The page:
July 29, 2012 in Features

Growing beans over an arbor pays big dividends

By The Spokesman-Review
 
Susan Mulvihill photo

Growing pole beans over an arbor is a space-saver in the garden and makes harvesting much easier.
(Full-size photo)

It’s time for an update on how my vegetable garden is doing.

The plants didn’t get off to the best of starts because of cool temperatures in May and June but since the warm weather hit, they have been making up for lost time.

I grew Green Arrow Bush peas this spring and am very impressed with the results. While the vines are quite vigorous, they are also somewhat compact and have been very prolific.

I still enjoy growing pole beans over an arbor. This year, I’m comparing two varieties – Musica and Smeraldo – with the Italian pole bean I’ve grown for a few years to see which one will be the most productive. After the first two pickings, I can report that my old standby is the winner so far.

In early spring, I wrote about a tip I learned to get better germination from my carrot seeds. Fellow Master Gardener Rhonda Elliott taught me to plant the seeds as I normally would, water them in and then place boards over the rows of seeds for one week. This was to prevent a crust from forming on the surface of the soil, something that makes it difficult for the wimpy carrot sprouts to push through. The resulting germination was excellent.

For the first time ever, I’m growing a grafted tomato to see if all of the hype is true. These plants are tomato varieties that have been grafted onto very hardy and productive rootstock. The variety in my garden is Black Pear and I’m growing it alongside a non-grafted plant of the same variety. I’ll be writing about the results in a few weeks. In addition to the Black Pears, we’re growing Stupice, Italian Pompeii, Sungold and Amsterdam and have started picking our first few tomatoes.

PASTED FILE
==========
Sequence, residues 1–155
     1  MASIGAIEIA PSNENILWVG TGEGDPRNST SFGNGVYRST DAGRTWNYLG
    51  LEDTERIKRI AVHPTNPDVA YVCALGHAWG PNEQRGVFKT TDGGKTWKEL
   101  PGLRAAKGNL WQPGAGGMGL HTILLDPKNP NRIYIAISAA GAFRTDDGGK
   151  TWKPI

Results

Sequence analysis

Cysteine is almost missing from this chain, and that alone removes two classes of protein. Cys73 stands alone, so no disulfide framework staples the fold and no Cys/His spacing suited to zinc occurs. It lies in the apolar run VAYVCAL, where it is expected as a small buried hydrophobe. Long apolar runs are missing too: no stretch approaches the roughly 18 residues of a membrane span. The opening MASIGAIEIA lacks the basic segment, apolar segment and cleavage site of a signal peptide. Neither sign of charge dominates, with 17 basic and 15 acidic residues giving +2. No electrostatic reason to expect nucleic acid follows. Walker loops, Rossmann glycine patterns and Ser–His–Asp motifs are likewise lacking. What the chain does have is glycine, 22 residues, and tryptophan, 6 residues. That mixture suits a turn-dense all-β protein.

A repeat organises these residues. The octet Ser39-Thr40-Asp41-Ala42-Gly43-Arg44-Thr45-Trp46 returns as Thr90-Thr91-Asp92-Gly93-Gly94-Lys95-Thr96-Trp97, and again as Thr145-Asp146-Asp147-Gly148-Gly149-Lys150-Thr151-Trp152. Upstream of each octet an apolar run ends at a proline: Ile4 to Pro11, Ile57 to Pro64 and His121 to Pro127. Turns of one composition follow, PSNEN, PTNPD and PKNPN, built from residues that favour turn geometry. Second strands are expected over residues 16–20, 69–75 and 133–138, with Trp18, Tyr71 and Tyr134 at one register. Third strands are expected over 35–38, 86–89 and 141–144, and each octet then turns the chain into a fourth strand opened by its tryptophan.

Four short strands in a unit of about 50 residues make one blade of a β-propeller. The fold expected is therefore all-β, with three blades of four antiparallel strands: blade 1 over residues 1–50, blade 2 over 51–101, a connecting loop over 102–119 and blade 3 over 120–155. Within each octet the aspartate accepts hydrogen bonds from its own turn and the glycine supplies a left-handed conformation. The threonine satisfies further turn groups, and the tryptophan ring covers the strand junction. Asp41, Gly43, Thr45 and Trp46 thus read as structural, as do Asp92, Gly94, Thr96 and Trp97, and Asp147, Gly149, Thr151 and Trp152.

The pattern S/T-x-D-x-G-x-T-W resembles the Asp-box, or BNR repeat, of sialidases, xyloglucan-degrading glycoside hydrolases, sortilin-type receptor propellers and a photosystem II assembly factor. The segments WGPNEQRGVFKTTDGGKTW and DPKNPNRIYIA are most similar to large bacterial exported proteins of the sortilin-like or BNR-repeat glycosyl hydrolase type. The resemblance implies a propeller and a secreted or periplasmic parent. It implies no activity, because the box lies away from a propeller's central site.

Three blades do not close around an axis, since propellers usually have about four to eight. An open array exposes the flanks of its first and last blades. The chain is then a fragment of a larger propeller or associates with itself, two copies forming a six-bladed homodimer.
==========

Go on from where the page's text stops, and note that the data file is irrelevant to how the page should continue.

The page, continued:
Growing kohlrabi is another first for me. Their fleshy roots are quite intriguing and they’ve been really easy to grow. I should be able to start harvesting them shortly.

There are three raised beds planted with onion starts I got from Dixondale Farms. All are long-day varieties – Walla Walla Sweet, Copra and Big Daddy – which are ideal for our climate. The plants are growing vigorously and should provide an abundant harvest. We’ll eat the Walla Wallas first since they don’t keep well; we’ll let the others dry out prior to storing them for use over the fall and winter.

After having good success in growing and storing several winter squash varieties last year, I made room for even more this year. Sweet Dumpling, Delicata, Red Kuri, Sweet Meat and Table Queen are busily blooming and setting fruit. I’m certain the reason last year’s harvest kept so well in storage is because I cured the squash in the sun for two weeks prior to moving them to my basement; I’ll do the same routine this fall.

The eggplants and peppers are doing much better this season compared to last year when we also had a chilly spring and early summer. This year, I kept them under a floating row cover until they started blooming; I think they appreciated the extra warmth and got off to a better start.

The only major insect problem has been with slugs on our Baby Napa cabbage. Neither an application of diatomaceous earth nor organic slug bait has deterred these little troublemakers from ruining that crop. I remember when we didn’t even have slugs in Eastern Washington but our climate change seems to be helping them become more established here.

Susan Mulvihill can be reached via email at inthegarden@live.com.Visit her blog at susansinthegarden. blogspot.com for more gardening tips, information and events.


Thoughts and opinions on this story? Click here to comment >>

Get stories like this in a free daily email